National Economic Comparisons of Reusable and Single-use Cleanroom Textiles
In cleanroom facilities, both disposable and reusable textile garments meet the particulate standards from most rigorous to the most basic levels. However, the reusables offer an important benefit, lower costs, better economic value. The environmental benefit when cleanrooms select reusable textiles is clearly defined in detail and can be used by both suppliers and customers to add to their own environmental sustainability scorecards. A new dimension is to evaluate the magnitude of the cost benefit of reusable textiles to add to the cleanrooms’ bottom lines. The economic improvement of selecting reusables is widely acknowledged in the literature (1-6), but there is a need to quantify these cost benefits to reinforce the quantitative environmental benefits as a part of customer decision-making.
A novel, new economic analysis concept for cleanroom textile comparison was developed in this study. The cost comparison technique is to evaluate actual data of organizations considering or deciding to convert from single-use to reusable cleanroom garments. In these cases, the customer is provided with cost of the reusable system that is compared to their current single-use system. The veracity of these data is reasonable since valid data are needed to meet customer expectations. These case study data were then scaled up to cover the approximately 14 million reusable coveralls in the current cleanroom market.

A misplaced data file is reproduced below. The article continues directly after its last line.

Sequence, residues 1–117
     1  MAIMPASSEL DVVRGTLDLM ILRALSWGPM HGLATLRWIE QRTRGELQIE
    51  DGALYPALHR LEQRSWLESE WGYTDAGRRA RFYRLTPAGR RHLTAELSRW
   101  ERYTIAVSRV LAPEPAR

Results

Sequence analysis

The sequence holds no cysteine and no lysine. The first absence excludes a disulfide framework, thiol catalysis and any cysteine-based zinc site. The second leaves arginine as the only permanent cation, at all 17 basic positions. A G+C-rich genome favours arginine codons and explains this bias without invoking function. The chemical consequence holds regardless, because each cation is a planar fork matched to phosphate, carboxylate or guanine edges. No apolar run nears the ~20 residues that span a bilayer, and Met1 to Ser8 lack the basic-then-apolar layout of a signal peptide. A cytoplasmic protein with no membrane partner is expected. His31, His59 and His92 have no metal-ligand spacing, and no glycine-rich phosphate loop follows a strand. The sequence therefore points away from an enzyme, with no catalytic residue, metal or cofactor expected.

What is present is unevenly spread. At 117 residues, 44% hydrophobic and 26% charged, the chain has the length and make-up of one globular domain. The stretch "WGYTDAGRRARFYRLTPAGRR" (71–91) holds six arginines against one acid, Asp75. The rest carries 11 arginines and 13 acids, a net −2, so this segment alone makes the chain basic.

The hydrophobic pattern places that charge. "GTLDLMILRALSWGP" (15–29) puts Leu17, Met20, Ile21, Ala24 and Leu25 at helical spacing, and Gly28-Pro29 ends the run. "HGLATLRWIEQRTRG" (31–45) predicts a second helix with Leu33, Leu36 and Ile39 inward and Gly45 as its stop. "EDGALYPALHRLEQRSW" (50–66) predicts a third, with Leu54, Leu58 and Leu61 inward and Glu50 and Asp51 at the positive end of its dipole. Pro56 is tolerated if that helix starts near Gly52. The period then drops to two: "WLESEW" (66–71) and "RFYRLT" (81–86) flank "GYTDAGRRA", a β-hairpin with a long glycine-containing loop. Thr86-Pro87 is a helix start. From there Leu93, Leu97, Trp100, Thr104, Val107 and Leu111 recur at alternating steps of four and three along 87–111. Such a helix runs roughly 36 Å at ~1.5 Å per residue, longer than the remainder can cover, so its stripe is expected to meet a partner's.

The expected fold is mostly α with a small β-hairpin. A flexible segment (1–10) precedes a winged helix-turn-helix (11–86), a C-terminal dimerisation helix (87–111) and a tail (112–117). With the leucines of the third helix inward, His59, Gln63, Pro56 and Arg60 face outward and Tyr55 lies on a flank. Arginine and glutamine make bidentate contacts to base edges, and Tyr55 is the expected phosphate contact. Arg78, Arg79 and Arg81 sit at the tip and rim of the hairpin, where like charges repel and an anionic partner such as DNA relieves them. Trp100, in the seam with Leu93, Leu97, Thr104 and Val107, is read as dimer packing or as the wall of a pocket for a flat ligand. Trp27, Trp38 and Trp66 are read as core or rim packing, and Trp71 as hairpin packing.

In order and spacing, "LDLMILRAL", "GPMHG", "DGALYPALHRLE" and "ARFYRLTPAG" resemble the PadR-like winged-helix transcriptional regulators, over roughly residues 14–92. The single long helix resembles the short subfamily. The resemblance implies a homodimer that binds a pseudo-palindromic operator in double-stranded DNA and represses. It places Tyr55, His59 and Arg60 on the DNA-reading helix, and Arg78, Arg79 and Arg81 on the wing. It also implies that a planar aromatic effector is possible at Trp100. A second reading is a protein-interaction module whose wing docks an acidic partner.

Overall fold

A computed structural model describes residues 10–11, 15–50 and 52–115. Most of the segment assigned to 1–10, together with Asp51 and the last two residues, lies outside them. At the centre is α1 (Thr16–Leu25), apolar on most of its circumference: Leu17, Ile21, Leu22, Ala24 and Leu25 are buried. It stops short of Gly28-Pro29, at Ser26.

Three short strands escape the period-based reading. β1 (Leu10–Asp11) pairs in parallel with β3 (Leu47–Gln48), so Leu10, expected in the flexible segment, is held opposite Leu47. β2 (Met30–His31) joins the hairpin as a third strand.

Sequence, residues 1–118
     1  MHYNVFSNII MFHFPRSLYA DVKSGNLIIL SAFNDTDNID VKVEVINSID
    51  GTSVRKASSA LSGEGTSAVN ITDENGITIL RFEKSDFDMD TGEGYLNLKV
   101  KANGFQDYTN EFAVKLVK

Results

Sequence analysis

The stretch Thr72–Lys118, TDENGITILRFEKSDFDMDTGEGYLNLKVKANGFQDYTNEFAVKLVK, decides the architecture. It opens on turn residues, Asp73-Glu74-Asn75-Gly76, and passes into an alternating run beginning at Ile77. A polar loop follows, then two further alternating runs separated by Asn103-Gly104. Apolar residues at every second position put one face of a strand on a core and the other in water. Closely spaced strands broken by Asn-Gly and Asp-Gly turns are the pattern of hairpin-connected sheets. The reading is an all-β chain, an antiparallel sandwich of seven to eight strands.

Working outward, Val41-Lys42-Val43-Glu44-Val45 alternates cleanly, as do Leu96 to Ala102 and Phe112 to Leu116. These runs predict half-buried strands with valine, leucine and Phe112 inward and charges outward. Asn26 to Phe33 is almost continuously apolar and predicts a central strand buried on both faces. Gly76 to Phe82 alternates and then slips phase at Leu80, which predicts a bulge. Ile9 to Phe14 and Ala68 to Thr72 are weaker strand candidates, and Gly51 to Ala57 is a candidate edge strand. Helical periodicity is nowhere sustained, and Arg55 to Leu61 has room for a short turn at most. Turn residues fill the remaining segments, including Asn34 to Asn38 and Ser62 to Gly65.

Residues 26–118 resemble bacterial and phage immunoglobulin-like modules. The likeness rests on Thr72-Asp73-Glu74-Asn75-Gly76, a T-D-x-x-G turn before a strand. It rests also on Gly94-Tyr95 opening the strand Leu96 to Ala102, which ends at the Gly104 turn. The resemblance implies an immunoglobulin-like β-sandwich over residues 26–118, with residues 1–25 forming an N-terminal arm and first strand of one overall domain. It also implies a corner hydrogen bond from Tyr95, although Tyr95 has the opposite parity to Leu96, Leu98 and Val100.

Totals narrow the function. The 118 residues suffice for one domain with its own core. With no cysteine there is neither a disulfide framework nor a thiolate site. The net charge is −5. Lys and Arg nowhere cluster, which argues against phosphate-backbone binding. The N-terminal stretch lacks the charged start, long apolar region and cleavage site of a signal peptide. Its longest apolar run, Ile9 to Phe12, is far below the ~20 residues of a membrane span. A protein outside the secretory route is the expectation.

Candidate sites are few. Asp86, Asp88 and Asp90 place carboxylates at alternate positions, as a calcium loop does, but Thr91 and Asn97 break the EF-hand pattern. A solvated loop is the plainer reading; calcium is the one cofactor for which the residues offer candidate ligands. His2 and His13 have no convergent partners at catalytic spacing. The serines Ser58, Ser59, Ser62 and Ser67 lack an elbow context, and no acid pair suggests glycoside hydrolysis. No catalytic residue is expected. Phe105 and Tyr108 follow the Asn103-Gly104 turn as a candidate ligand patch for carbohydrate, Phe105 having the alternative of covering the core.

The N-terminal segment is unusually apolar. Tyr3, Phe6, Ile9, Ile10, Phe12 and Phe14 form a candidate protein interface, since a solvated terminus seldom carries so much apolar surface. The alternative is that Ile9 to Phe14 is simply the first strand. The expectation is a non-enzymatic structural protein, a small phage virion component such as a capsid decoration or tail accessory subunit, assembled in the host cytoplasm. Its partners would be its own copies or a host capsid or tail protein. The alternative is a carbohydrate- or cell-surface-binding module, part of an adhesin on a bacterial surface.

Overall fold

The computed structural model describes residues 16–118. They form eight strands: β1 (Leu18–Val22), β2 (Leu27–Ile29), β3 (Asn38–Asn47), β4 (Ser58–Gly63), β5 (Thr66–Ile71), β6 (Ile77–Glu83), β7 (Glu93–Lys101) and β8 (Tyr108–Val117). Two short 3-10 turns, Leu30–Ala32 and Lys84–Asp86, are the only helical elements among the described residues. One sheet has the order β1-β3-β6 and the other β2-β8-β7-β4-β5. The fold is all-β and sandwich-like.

Over 22 case studies from three major suppliers (about 90% of the reusable cleanroom supply) the reusable economic cost reduction [(disposable annual cost – reusable annual cost)/disposable annual cost] was 58%, more than half lower. In the current cleanroom market (estimated to be 50% reusable), the reusable savings are about $120 million (range $106 million - $141 million) per year, which is $1.2 billion in a decade to the cleanroom bottom line. Across the full market, if cleanrooms shift to reusables (except the 12.5% estimated to be required to use disposables), the U.S. national economic savings for cleanrooms is about $210 million (range $186 million - $246 million) (nearly $2.1 billion over ten years).
The environmental and now the documented cost benefits of reusable cleanroom textile garments are consistent, factual, and wide-spread. From this study, the reusable cost savings did not appear to depend on the size of the cleanroom operation nor the region of the country where these are located. These benefits are directly accrued to the cleanroom operating organizations in their financial reporting and increasingly to their sustainability scorecards. In addition, the manufacturers and the laundry organizations can share the sustainability credits across all their customers. This information can thus help cleanroom firms’ decision-making to guide a path for cost and environmental improvement.